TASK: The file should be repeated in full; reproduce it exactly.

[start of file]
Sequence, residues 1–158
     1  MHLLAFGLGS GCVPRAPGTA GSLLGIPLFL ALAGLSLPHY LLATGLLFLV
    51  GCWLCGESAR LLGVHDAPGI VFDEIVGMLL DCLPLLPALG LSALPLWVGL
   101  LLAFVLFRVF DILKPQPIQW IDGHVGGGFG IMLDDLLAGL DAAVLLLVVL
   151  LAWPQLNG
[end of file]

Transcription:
Sequence, residues 1–158
     1  MHLLAFGLGS GCVPRAPGTA GSLLGIPLFL ALAGLSLPHY LLATGLLFLV
    51  GCWLCGESAR LLGVHDAPGI VFDEIVGMLL DCLPLLPALG LSALPLWVGL
   101  LLAFVLFRVF DILKPQPIQW IDGHVGGGFG IMLDDLLAGL DAAVLLLVVL
   151  LAWPQLNG